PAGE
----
Connecting the dots with smart city standards
The British Standards Institute (BSI) has unveiled a series of smart city standards and publications developed as part of their Cities Standards Institute.
You’re not alone if the mention of standards initially triggers a fight-or-flight response out of trepidation for mountains of technical jargon, or worry that vested interests of industry incumbents might bias the formulation of such standards or, worse yet, lead to overly rigid constructs that could stifle the efforts of start-ups and grass-roots tinkering. Instead, the BSI is quick to assure that standards are not dry technical humdrum that tell us what to do, but rather provide a broader decision making framework to help find the right answers. The aim is specifically not to standardise the things that might yet change but rather the things that we might subsequently build on.
The development of the Smart Cities standards ‘stack’ includes several layers ranging from higher-level strategic thinking to very detailed specifics. Much of the initial content of the standards underpins discussion that essentially outlines processes of city management and procurement from the point of view of what exactly a smart city is, how to plan such cities to facilitate smart and resilient development, and how to procure smart city services in such a way that data and services remain open and interoperable.
The current smart city standards stack as gleaned from a slide shown at a recent BSI smart cities standards presentation:
Level 1: Strategic level
- Guidance for city leaders (PD 8100)
- Planning guidelines (PD 8101)
- Decision-making framework (PAS 181)
Level 2: Process level
- Data sharing framework (PAS 183)
- Guidelines for project proposals (PAS 184)
Level 3: Technical level
- Data concept model (PAS 182)
- Internet of Things implementation (Hypercat PAS 212)
- Building Information Modelling (BS/PAS 1192 series)
But do we really need smart city standards?
It may initially seem that Smart City standards will create lock-in and additional complexity, however, it can also be seen to lay the groundwork for longer-term collaboration and innovation. In fact, it could be argued that the evolution of the Smart Cities and urban planning industries is hamstrung until this happens.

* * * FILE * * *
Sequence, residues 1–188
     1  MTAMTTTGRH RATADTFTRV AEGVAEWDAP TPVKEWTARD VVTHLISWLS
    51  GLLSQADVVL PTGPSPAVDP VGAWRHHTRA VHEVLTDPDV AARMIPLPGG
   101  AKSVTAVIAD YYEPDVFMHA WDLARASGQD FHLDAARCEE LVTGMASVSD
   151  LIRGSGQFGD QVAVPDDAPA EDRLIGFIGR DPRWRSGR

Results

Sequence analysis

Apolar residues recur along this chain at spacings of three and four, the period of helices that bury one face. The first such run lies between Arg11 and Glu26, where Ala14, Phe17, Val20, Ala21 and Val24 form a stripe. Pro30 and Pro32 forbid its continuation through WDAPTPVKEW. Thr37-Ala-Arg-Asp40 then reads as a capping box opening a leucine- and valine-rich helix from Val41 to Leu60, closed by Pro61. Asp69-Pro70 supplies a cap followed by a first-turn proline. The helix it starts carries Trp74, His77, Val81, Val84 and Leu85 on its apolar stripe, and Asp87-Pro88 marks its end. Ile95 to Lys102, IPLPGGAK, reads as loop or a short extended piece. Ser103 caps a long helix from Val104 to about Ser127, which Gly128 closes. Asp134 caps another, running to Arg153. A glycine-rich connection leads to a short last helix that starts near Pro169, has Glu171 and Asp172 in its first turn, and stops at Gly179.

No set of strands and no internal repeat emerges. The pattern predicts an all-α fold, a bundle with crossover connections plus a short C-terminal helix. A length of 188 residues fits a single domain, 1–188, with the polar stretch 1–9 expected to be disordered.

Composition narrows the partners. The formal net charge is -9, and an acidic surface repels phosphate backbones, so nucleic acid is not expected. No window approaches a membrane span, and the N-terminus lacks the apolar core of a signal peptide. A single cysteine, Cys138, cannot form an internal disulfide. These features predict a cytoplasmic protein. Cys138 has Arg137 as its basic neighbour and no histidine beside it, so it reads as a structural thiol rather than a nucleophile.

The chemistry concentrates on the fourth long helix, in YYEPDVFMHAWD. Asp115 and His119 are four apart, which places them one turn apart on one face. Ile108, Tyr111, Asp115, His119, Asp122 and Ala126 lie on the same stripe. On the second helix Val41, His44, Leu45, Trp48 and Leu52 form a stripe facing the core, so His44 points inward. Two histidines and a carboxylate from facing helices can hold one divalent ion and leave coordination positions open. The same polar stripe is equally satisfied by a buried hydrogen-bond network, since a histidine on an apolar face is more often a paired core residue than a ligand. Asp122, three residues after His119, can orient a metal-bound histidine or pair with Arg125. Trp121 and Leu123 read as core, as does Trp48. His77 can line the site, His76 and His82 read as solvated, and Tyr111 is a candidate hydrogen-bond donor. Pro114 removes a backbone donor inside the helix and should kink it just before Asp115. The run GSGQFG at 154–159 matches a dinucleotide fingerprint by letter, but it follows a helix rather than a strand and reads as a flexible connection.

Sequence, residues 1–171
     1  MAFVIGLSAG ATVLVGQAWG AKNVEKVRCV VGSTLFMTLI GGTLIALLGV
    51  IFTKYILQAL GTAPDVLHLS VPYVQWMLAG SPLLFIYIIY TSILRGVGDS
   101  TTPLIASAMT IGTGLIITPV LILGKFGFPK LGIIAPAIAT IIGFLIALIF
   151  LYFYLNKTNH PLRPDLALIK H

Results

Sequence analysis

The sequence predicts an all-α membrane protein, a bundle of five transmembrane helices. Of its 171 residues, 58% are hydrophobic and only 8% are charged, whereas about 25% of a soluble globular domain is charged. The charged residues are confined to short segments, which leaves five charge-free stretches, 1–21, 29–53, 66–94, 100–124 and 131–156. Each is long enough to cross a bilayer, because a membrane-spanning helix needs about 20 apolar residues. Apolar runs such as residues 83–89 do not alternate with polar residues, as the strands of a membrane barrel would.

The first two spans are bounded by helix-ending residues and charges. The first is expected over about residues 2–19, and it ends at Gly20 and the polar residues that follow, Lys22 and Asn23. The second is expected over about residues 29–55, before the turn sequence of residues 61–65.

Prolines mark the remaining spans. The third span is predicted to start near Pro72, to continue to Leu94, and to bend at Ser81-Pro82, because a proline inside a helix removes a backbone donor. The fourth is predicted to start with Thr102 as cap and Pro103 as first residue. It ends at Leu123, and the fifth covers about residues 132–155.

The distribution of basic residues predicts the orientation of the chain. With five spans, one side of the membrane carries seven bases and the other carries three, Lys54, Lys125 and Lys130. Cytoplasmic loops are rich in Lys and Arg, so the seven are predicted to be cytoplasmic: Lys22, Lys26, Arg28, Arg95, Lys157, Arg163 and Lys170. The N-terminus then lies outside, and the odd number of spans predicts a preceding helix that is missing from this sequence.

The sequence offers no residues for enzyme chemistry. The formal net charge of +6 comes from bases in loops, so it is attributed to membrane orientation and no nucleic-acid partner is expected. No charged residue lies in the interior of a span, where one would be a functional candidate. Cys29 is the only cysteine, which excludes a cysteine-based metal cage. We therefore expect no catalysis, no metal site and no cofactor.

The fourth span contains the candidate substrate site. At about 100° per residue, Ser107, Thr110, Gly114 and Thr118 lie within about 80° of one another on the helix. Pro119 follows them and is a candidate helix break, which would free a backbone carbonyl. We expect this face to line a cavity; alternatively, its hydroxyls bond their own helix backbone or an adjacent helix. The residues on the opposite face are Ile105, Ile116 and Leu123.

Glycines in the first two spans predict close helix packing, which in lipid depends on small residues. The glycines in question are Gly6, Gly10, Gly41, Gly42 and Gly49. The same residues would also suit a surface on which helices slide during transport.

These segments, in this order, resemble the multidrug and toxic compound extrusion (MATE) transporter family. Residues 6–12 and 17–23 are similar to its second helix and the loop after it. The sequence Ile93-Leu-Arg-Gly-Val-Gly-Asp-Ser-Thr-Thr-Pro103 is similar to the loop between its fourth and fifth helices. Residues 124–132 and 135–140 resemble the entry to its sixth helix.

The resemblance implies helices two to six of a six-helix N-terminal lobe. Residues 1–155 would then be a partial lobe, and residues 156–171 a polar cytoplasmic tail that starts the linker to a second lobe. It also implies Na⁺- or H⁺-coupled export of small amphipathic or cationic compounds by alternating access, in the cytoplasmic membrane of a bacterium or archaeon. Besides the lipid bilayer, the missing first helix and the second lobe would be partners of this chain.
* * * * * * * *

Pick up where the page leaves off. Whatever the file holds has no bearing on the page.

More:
We can look to the Architecture, Engineering, and Construction (AEC) industry and the evolution of Building Information Modelling (BIM) to better understand why. Whereas industry adoption of computers took root several decades ago, the way projects and workflows were approached initially didn’t change much at all. In other words, computers were really just glorified pencil and paper. Instead of smudging shirt-sleeves while crouched over drawing boards — or breaking and replacing the delicate and rather pricey nibs of drafting pens — it became possible to point and click to send multiple copies of a drawing to a plotter instead of choking on the ammonia fumes leaching out of blueprinting machines. The point being that the industry was basically still doing the same things using the same workflows, just with newer and more convenient technology. However, at some point something significant began to happen, which is that information and standardisation entered the equation and this information could be connected in spatially and functionally meaningful ways to other information. This heralded the arrival and subsequent evolution of BIM. With BIM, the initial models and templates take some time create, but once up and running they are increasingly powerful and automate much of the previously painful tedium involved in the production of construction documentation while paving the way to advanced performative modelling of everything from structural design to energy performance. BIM has consequently led to a more holistic and integrated approach extending from conceptual stages through to design, construction, and on to the full life-span of a building’s performance and management. (I realise it’s not always this rosy…)